In late 1998, “Intendo” gathered together off-cuts and UK b-sides for the US market. It hardly made for a cohesive listen but the fine Bis art of saving some of their best songs for b-sides was emerging. Already “Conspiracy A-Go-Go” had been thrown onto “Disco Nation 45”, but “Clockwork Punk”, “Statement of Intent” and “Girl Star” really deserved better. Back in the UK, “Eurodisco” triggered an unexpected renaissance for Bis, it made the Top 40, got Bis back on the TV (Channel 4’s T4 amongst others), and its infectious 80’s electro-pop edge seemed to have re-established Bis as a cutting-edge pop act. “Eurodisco” also provided Bis with their biggest European hit to date, culminating with 4000 people chanting the refrain at Valencia’s Benicassim Festival in Summer 1999. However, despite follow-up single “Action and Drama” becoming a Summer anthem in Australia, where the band played on the legendary “Hey, Hey, It’s Saturday” TV show and played to a packed tent at the Tibetan Freedom Concert in Sydney, the album “Social Dancing” performed disappointingly. Produced by Gang of Four’s Andy Gill, the album was a highly-polished pop record, songs like “Making People Normal” and “I’m a Slut” sounded to the band like sure-fire hit singles, but the public by and large disagreed. With the third single “Detour” giving Bis their lowest UK chart placing at #80, it was time to go back to the drawing board.

The band were bloody but not bowed, and came back from a US tour in late 1999 (coincidentally their most successful and most enjoyable) re-invigorated and quickly produced eight songs which were to form the basis of the third album. It quickly became obvious, however, that these songs provided a full-stop on the first era of Bis whilst providing clues to the future so they were released in Summer 2000 (UK and Europe) and February 2001 in the US as “Music for a Stranger World”. Two songs had vanished (“Why are we Waiting” and “DJ” which appeared only on the Japanese release), but despite radio support for “Dead Wrestlers”, the mini-album fell on deaf ears once again and proved to be the band’s final release on Wiiija Records.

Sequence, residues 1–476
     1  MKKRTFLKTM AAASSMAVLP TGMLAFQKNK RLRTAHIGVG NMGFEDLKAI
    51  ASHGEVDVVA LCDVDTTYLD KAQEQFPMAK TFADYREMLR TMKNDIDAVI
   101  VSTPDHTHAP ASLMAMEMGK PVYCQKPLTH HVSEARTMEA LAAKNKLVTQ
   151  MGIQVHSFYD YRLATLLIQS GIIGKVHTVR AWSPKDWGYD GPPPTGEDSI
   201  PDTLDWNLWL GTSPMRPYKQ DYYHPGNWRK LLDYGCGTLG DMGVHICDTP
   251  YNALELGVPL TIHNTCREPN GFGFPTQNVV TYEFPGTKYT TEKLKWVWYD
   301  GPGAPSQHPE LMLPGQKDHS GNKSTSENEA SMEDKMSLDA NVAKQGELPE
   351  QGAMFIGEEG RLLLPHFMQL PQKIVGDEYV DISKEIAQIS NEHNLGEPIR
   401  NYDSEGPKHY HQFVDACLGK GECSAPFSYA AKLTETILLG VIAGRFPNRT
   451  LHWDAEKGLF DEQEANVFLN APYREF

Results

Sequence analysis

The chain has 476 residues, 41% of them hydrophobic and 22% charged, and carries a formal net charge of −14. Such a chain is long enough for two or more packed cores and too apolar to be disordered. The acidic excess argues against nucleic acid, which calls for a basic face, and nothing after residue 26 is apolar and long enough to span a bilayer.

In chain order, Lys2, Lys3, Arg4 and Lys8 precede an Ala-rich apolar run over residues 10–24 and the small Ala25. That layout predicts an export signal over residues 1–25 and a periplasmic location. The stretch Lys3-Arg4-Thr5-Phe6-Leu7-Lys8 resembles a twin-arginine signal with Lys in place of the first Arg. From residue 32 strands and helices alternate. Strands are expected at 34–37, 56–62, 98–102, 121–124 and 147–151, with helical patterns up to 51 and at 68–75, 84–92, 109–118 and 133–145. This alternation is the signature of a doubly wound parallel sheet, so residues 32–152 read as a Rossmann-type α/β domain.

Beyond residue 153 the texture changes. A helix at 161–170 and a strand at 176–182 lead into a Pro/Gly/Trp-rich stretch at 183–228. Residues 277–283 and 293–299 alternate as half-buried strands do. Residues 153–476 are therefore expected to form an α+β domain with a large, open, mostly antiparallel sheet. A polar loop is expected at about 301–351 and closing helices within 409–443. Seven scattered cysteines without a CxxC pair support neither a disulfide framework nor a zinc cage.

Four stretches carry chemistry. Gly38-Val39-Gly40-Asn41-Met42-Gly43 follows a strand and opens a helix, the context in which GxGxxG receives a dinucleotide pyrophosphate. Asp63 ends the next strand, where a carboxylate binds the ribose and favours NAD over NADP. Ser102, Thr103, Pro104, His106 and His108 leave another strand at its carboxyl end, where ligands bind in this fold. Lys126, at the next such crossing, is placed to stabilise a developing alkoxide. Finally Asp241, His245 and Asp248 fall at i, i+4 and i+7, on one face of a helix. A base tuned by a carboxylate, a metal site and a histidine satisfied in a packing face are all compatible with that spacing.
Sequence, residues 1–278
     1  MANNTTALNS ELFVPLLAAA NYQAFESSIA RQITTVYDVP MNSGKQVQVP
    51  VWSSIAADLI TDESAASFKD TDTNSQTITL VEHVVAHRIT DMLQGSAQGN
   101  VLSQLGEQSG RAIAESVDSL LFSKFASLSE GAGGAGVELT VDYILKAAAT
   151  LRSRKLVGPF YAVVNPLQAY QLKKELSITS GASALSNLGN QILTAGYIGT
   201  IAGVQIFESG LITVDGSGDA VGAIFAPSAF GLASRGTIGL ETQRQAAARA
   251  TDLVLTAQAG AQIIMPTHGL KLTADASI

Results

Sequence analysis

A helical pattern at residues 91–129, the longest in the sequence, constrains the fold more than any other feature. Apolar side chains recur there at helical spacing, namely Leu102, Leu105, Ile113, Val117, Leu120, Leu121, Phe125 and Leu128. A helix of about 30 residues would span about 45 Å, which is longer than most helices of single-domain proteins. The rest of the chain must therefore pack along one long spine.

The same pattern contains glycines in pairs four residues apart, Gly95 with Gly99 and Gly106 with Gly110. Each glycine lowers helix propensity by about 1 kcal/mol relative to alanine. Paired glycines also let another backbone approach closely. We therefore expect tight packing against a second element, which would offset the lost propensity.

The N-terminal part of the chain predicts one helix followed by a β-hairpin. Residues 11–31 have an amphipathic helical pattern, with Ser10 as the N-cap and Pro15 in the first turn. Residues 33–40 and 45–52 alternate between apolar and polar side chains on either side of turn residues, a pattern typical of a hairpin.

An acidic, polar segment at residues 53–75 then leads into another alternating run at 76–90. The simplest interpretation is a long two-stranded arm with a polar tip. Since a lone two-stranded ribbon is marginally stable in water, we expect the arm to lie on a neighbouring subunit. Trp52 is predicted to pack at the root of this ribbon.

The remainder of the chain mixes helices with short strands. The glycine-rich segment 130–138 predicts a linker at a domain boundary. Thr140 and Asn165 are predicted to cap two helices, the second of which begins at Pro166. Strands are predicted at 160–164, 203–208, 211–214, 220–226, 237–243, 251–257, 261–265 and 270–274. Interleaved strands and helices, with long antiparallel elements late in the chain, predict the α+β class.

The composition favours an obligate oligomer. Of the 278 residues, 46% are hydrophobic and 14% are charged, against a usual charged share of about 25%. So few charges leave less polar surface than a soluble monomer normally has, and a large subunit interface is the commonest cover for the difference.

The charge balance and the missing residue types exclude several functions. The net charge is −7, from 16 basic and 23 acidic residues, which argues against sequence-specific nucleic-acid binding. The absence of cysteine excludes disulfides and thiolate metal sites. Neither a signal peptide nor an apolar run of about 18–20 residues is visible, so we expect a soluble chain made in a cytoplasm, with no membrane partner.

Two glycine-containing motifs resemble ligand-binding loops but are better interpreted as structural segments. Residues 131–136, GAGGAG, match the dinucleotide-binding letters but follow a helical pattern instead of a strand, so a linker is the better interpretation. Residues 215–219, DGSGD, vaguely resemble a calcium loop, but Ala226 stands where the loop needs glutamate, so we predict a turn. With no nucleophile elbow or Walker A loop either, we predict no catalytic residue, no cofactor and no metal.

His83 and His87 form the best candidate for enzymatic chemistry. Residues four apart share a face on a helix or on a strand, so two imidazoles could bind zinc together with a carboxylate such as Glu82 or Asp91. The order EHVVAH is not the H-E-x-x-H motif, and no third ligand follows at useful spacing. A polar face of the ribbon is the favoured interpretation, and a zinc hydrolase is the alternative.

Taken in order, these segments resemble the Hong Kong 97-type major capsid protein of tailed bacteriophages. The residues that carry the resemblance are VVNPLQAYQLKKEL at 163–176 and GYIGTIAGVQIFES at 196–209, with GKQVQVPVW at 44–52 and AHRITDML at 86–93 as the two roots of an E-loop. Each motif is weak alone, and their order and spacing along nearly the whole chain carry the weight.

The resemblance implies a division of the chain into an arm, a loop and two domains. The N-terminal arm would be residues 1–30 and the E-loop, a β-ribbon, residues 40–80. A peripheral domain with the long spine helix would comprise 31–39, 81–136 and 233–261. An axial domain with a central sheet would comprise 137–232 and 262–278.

Bis became stronger through this adversity and throughout 2000 worked tirelessly on the sessions that would produce “Return to Central”. Even the title implies the band’s return to pleasing themselves first and not pandering to others expectations, and the first strains of “What You’re Afraid Of” give the listener instant notice that this is not just another Bis record. The band look forward to taking the album live around the world, and connecting with fans past, present and future. As Aretha said “Give a little respect”.

Extra-curricular activities for the band over the years have been varied. Amanda had sidelines as a cartoon-strip writer for Japan’s “Buzz” magazine, as radio presenter on Radio Scotland’s “Air” show, and formed “The Kitchen” with husband Ryan. Steven and John DJ regularly around Glasgow and produce techno and electro under various guises (Freak Electric, Dirty Hospital etc). Perhaps the best-known Bis related activities have been the Casio G-Shock watch which was produced in Japan (it plays the band’s music as an alarm), and as writers of the end theme to the world-wide renowned cartoon show, Hanna-Barbera’s “The Powerpuff Girls”.